Eventually the chaos of images settled on a village where the inhabitants were cowering in the shells of buildings. It seemed that the Serbs had laid it under a barrage of mortar and artillery. A contingent of Bosnian soldiers that the media would have labelled ‘Muslims’ but who were actually of mixed ancestry had arrived at the last moment and were holding the Serbian ground troops at bay. However an outlying farm had been captured and men killed in defending it. The women feared the worst, they knew the stories of what the soldiers did in such circumstances. The eldest daughter of the dead farmer had already lost her husband to the war and now did a most courageous thing, attaching herself to the commander of the Serbian soldiers; giving herself she knew was the only hope to save her mother and sisters.
This was not a pleasant meditation to experience. It was a noble sacrifice she made of herself to gain influence with the leader of the soldiers. I did not see if it worked for long.
While this may have gained a short term respite for the women of the homestead I wondered what difference it would make in the larger picture of the conflict. The soothing balm of compassion can be an inadequate firewall against the raging passions of war.
I was interrupted by the delicate chime of Palden’s ting tings. Hurriedly reversing the visualization of colours down my spine I returned my attention to the present.
A temporary mass exodus had begun, and while others stood around in the sunshine with their fags I dived into my tent and retrieved a piece of nicotine gum to assist me through the coming session.
Gently sucking the substitute drug I re-entered the circle with the crowd. I could feel the addition to my bloodstream flowing through my arteries like liquid fire, warming and stimulating me. I was grateful for the biochemical support, banishing as it did not only the gnawing hunger for it in the pit of my stomach, but also the wobbling mood I had become vulnerable to after the subject of my meditation. I could well understand why the Native Americans had used tobacco as the stimulant for the Peace Pipe. Only negotiators who are able to banish their fear will truly be able to come from a position of strength; their own inner confidence rather than the strength of their warriors. No wonder either why the trenches of the Great War had been the place where this drug had taken its grip on Western society. Used as an occasional ritual stimulant, a shamanic tool, tobacco was able to confer temporary resistance to fear, but relied on to hold that fear at bay perpetually it levied a high toll in terms of dependence. Biochemists say that nicotine withdrawal can be worse than that from heroin. Neurochemically speaking, replacement of the stimulant which has been acclimated to can be a slow process, and one which cannot be avoided entirely.
Psychologically or spiritually speaking I was finding that my consciousness was raw to fear and pain now that I did not have the artificial strength of tobacco propping up my ego. Appropriate perhaps for healing. The layers of protection were stripped away, exposing sensitivity which had been hidden. The nicotine gum slowed this painful process to the point of manageability, weaning me off while I learnt to cope with the naked feelings which it had helped me for so long to avoid.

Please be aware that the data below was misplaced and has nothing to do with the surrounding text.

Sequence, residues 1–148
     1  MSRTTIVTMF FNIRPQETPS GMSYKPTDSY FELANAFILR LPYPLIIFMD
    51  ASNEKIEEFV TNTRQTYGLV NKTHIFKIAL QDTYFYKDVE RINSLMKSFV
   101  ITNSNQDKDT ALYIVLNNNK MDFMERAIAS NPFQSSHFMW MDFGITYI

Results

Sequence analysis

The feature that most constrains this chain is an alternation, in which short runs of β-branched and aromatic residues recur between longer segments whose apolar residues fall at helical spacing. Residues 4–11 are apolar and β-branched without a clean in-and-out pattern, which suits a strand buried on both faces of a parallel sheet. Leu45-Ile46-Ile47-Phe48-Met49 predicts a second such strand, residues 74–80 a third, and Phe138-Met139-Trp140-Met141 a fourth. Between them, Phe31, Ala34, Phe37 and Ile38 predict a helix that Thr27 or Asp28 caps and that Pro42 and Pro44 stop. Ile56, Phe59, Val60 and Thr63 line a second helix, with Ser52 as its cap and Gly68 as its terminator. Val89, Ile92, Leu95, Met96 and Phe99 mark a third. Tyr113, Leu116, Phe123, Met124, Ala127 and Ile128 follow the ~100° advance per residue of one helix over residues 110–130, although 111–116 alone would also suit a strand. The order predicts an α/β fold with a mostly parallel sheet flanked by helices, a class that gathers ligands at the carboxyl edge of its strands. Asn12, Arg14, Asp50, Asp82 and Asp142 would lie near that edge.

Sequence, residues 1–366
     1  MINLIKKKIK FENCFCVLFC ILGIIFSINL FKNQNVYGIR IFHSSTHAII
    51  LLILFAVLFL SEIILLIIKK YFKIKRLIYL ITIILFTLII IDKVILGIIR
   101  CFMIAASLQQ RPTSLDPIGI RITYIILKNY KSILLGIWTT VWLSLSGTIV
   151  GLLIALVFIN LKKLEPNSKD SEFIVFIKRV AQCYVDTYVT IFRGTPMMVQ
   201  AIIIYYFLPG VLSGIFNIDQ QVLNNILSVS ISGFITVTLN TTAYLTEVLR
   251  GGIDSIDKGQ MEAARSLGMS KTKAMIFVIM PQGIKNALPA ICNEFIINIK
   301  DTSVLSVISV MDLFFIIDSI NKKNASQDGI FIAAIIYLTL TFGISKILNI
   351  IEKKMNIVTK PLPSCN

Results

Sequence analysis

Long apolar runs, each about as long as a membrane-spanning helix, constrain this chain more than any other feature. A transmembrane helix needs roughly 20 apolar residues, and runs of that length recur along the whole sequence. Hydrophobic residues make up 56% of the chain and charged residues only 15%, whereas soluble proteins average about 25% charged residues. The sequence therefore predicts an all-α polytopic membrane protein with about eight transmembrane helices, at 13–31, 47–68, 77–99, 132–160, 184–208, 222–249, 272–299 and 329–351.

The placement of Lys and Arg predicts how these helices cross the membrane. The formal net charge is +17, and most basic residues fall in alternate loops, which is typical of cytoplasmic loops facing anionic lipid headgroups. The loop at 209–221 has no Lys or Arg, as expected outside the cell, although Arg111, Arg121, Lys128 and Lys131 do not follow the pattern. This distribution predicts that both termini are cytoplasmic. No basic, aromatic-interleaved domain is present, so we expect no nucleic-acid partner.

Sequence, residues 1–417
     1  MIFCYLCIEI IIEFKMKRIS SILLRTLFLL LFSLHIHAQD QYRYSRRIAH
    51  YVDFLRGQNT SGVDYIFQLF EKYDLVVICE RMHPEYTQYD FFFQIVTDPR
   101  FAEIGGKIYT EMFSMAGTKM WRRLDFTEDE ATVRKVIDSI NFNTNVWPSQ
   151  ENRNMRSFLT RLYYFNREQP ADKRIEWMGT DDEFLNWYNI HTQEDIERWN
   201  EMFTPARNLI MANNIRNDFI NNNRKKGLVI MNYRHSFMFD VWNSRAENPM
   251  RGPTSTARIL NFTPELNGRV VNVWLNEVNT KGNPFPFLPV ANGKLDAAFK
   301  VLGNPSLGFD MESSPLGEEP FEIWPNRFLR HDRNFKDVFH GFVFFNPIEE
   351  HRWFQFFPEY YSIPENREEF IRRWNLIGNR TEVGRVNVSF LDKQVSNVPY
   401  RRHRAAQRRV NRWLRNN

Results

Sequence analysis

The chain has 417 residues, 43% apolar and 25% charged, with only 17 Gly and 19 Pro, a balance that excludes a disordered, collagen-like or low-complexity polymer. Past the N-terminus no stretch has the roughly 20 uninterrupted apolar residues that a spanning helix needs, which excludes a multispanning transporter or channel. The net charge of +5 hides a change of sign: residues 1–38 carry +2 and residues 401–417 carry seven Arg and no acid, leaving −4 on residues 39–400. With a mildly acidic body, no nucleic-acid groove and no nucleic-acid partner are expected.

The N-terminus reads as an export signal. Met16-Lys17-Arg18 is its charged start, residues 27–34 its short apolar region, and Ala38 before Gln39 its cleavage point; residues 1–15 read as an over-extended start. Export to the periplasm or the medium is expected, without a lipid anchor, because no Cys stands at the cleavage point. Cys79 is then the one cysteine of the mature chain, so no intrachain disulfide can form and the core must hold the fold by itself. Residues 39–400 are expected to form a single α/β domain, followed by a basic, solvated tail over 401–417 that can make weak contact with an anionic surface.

Strengthened by my fix like a large number of those about me I was able to relax and pay attention to the Allting.
There were two things that day which attach to my memory of what was discussed. The first was the discovery of my unstolen purse reminding me of the better side of humanity. The other had just occurred and at that moment I had no knowledge of it, but it was eventually to colour my understanding of what we had become involved in doing at a fundamental level.
The Talking Stick was picked up and passed round just as the day before. We began with sympathy for the hard-pressed people of the land we had just visited. There didn’t seem to be much in the way of change happening as a result of our meditations.
“I went to Sarajevo. A family was living in the cellar of a burnt-out house. The father was off fighting with the army, his wife was doing her best to look after the children but was worn ragged with anxiety. Her sixty-nine year old father went out every day looking for food, and had a few vegetables growing in a small patch of ground between the rubble. The grandmother had been killed when a shell had hit the house ~ she had been inside. By a miracle the mother and children had been out of the house at the time. I felt so helpless because there was nothing I could do to help except try and convey my support. In the end it occurred to me that perhaps all I was intended to do was be a witness to this appalling scene.”
The morning was peppered with similar accounts, although not all comments were based on experiences which conformed to the pattern suggested by Palden.